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The Speed Model was a sports car made by Hillman between 1919 and 1921.

The Speed Model was the first sports car to come out of Britain after the First World War, being shown at the 1919 Motor Show. The bodywork was made from polished aluminium and the tail was circular in shape so a spare wheel could be attached. The car also featured a V-radiator, external four-branch exhaust pipe and copper exhaust pipe all added to the popularity of the car.

The Speed Model was mechanically identical to the 11hp except for a few modifications. The Speed Model had a conventional chassis with semi-elliptical leaf-springs all round and a side-valve long stroke engine. A Claudel-Hobson carburettor was used instead of the more conventional Zenith unit. Die-cast aluminium pistons along with a lightened crankshaft and flywheel were also added.

The Speed Model used a four-cylinder 1496cc engine which produced 28bhp. The car came with a three-speed manual gearbox and cone clutch. The top speed of the Speed Model was 65mph (105kmh). The chassis was 8ft 6in long with brakes being fitted on the rear wheels only.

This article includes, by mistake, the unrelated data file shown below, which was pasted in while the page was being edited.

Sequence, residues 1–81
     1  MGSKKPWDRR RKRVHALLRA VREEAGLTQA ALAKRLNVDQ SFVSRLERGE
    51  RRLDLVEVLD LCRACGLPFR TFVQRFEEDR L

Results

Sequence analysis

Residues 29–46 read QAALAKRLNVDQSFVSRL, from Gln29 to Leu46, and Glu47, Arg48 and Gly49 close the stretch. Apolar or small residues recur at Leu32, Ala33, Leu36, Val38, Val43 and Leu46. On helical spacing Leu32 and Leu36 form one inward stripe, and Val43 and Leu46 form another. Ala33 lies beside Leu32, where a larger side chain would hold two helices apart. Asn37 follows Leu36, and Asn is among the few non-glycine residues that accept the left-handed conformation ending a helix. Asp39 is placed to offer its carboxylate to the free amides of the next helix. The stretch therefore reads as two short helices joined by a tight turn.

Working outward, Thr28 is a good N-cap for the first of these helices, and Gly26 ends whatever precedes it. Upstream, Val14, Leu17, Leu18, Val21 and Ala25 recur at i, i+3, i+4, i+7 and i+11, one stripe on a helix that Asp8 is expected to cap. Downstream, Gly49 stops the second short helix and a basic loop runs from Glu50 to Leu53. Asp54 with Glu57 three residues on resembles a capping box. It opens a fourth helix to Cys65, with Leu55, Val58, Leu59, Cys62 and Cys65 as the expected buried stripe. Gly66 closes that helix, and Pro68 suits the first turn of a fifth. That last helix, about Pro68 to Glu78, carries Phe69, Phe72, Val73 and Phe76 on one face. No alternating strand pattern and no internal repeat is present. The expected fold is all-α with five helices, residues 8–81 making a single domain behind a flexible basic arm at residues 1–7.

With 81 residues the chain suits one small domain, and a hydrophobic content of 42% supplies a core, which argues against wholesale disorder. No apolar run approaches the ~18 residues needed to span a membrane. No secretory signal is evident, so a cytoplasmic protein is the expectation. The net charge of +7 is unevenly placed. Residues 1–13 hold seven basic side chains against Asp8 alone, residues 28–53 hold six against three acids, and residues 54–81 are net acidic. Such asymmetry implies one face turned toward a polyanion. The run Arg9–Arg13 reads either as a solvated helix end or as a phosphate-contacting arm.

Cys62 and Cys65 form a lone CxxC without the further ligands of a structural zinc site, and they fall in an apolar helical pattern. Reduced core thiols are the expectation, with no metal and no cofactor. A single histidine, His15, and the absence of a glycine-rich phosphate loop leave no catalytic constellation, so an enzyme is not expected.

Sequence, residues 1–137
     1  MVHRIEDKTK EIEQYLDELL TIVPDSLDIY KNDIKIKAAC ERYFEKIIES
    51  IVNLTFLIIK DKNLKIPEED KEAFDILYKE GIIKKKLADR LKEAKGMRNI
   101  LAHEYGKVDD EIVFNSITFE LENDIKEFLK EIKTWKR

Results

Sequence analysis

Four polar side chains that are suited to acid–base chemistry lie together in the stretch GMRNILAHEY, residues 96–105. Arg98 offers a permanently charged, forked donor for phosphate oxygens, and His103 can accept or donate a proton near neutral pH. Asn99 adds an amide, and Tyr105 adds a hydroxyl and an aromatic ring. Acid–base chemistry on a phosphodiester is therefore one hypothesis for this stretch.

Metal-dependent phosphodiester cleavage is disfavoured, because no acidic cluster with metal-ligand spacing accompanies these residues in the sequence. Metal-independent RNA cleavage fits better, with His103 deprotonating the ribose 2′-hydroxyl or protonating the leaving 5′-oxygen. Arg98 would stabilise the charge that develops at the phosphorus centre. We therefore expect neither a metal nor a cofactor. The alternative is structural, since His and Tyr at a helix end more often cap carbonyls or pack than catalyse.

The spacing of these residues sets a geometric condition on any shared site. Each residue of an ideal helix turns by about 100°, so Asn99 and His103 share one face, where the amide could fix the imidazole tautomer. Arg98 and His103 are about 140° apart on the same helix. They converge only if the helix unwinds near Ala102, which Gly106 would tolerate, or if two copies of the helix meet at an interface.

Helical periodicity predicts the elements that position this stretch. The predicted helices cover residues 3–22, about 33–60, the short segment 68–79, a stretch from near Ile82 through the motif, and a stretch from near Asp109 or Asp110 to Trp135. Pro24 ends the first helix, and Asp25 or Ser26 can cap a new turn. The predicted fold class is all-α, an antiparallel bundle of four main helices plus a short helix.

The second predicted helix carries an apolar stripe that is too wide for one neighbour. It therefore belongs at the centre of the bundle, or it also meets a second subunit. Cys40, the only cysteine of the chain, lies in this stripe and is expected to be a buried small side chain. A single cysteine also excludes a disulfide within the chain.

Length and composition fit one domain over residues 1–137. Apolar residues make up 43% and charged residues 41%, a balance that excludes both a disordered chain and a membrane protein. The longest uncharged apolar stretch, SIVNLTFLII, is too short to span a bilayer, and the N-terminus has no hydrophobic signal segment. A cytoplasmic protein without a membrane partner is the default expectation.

The price put people off. At £620 it was only for the wealthy and for only £30 more, you could buy the more desirable and sporting Bugatti.

Mercury and Quicksilver

Hillman's Works driver George Bedford was given a special one-seater version of the car called Mercury. He was achieved notable successes at Brooklands and a number of hill-climbs. In 1921 he managed to lap Brooklands at 89.09mph (128.89kmh).

Another more standard Speed Model piloted by Raymond Mays was making a name for itself. The car was named Quicksilver and made the fastest time at the Inter-Varsity Speed Trial. It then went after significant modification to make it competitive at Brooklands.

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